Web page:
Djokovic's Nerves No Match For Nadal in Paris
What does it feel like to be Rafael Nadal at the French Open?
Is it like pitching a no-hitter every game? Bowling a 300 time after time? Channeling the 1972 Miami Dolphins for four consecutive years?
Certainly Novak Djokovic has no idea, especially after failing to live up to his own champion standards or the stratospheric plane Nadal has established on clay in Paris.
“That's a question for him,” said Djokovic when I asked him how he thought it might feel to be undefeated on such a grand stage after he put up resistance only in the third set in a 6-4, 6-2, 7-6 (3) loss. “I still don't know how he feels.”
Indeed, who does?
Impossible as it seems, Nadal, now 27-0 at the French Open, is improving on dirt. The evidence was all over the place Friday on Philippe Chartrier court. The 22-year-old Spaniard found his spots with his serve, went side to side to dig sure-winners out of the corners, and pinned the third-ranked Serb to the baseline with his biting forehand. Mentally, he rarely blinked, even though his No. 2 ranking was again on the line - not to mention his Paris perfection.
Djokovic seemed tentative at the outset, and though he got twice as many games – 12 – as Nadal’s last two opponents combined, he never really found his rhythm. The 20-year-old misfired more than usual and led Nadal 28-16 in unforced errors. But it was his lowly 54% first-serve percentage that really undermined his effort. That just won’t get the job done against a returner like Nadal, whose 66-16 winners-to-unforced errors ratio shows how ready he was for the challenge.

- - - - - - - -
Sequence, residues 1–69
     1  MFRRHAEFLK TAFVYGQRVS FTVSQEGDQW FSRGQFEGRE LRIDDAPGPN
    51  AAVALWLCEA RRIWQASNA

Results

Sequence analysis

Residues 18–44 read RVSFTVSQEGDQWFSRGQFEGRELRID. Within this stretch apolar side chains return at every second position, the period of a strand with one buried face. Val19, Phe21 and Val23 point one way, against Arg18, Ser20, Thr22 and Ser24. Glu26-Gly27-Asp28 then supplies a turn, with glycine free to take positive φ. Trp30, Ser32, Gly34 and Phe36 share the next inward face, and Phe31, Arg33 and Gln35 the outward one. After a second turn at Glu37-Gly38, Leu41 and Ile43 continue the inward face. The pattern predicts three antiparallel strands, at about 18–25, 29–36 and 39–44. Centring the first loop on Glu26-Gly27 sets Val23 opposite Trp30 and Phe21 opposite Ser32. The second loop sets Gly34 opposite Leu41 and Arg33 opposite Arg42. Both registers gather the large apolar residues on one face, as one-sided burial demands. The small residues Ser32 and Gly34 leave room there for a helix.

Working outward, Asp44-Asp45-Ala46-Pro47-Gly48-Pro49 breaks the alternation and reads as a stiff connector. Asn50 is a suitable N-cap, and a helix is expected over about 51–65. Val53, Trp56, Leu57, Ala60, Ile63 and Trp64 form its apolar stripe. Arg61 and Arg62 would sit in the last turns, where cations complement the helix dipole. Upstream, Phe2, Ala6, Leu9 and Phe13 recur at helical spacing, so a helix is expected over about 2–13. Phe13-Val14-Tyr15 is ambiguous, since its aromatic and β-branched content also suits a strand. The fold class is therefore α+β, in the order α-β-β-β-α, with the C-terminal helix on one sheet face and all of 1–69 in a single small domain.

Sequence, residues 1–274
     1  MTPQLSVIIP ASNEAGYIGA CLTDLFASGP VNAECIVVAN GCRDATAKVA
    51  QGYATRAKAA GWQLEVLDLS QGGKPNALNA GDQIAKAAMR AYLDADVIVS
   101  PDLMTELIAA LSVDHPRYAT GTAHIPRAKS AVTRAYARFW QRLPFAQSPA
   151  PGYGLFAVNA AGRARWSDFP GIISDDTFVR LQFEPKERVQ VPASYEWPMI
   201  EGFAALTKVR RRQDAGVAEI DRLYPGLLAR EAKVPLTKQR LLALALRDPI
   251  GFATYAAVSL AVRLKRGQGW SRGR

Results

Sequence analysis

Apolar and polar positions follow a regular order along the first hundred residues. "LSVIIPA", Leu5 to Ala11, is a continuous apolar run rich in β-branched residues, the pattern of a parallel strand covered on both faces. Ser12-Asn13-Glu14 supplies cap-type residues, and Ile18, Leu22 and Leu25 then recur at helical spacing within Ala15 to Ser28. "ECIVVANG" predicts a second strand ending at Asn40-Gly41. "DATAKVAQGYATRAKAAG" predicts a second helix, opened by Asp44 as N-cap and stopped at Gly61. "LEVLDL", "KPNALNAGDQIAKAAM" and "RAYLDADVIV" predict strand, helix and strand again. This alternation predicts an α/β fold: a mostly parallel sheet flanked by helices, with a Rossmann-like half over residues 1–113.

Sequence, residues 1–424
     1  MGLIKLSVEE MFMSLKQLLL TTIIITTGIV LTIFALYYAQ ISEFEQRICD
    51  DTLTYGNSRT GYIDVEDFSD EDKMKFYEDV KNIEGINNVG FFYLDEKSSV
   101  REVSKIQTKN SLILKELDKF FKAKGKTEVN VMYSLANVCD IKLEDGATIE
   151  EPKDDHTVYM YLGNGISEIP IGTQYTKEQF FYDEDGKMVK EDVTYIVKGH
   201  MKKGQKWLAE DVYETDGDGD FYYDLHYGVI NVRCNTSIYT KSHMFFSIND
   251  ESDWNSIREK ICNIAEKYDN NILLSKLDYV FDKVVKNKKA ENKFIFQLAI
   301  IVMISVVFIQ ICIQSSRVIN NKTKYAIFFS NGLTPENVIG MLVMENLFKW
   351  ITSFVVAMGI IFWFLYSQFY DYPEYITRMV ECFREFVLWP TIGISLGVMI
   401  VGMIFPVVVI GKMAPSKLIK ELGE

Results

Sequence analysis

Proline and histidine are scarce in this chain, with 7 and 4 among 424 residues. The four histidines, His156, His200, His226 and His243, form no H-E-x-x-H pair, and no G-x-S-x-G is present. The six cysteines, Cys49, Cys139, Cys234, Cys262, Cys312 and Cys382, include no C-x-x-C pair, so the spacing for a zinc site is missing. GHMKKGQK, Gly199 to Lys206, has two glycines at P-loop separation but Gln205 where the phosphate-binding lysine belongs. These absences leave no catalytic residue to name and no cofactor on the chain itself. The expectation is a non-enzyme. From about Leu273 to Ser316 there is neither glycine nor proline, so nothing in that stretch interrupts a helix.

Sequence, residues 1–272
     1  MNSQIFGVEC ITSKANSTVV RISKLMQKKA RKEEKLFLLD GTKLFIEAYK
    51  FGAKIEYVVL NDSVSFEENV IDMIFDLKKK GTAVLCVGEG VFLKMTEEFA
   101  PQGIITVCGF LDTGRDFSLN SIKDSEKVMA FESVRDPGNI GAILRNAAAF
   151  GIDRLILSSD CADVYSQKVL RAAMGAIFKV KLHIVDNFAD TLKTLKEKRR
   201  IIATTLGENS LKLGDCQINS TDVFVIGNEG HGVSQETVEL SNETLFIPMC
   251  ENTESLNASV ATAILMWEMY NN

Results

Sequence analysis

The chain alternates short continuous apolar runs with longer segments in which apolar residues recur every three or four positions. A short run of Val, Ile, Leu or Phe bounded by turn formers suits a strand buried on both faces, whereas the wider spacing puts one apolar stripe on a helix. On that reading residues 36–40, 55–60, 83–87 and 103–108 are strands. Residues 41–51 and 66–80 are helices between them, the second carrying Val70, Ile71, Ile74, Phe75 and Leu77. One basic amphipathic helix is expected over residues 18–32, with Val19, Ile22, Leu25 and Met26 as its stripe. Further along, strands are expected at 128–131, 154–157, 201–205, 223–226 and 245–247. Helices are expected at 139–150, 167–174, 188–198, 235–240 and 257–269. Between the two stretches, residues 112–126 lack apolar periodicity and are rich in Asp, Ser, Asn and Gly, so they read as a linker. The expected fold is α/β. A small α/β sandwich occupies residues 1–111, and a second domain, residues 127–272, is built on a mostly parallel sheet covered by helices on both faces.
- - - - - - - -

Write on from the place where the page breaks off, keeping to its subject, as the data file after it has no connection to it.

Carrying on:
“Best match at Roland Garros so far,” pronounced the cheery-yet-determined Rafa at the post-match press conference.
The Spaniard’s only lapse came when he was up two breaks and 3-0 in the third set. Djokovic started to take more risks and it paid off for a while, as Nadal’s penetrating balls lost some distance. The 22-year-old Mallorca native had to fight off a set point with a crosscourt forehand winner in the 11th game. Who knows what might have happened if Djokovic had clawed his way into a fourth set. But Nadal changed his tactics in the breaker, raising his level and racing out to an insurmountable 6-0 lead.
"I tried to go more inside,” he said of his decision to press into the court and be more aggressive.
Both physically and mentally, it was Rafa, not the Serb with the unshakable self-belief, who melted under the pressure, going down a third straight time at Roland Garros and a fifth time on clay. The reigning Australian Open champ more or less admitted it in the post match press conference, saying the combined physical and mental strain had made him literally ill.
“On the court,” he said, “I didn’t feel well.”
It’s a stunning admission from a player with such confidence and ambition, who has the ability, as fourth-round victim Paul-Henri Mathieu said, to “suffocate” opponents. On clay, Nadal is the boa constrictor.
In other words, Nadal, as he has for four seasons, rose to the occasion. Now he is a match from tying Bjorn Borg’s record of four straight French Opens, which the Swede set from 1978-81. Borg was in the first row of the presidential box, but the Masher from Manacor was too preoccupied with keeping his record streak of 150 weeks at No. 2 alive to notice.
“Today I didn't see no one,” said Nadal, breaking up the press corps, when asked if he’d recognized the silver-haired guy with six French Open crowns just a few feet away.
Nadal now enters the final against Federer (who beat French hope Gael Monfils 6-2, 5-7, 6-3, 7-5) having dropped nary a set while giving up an average of fewer than five games per match – heady stuff. The Swiss No. 1 – who has lost eight of nine contests on clay vs. Nadal - will have to figure a way to go through an opponent who appears impenetrable.
When he clinched match point against Djokovic with an overhead, Nadal crumpled to his back in jubilation as if he’d just won the final. Maybe in his mind, the surging Serb was the man to beat. Either way, it’s hard to see how he won’t repeat the action Sunday.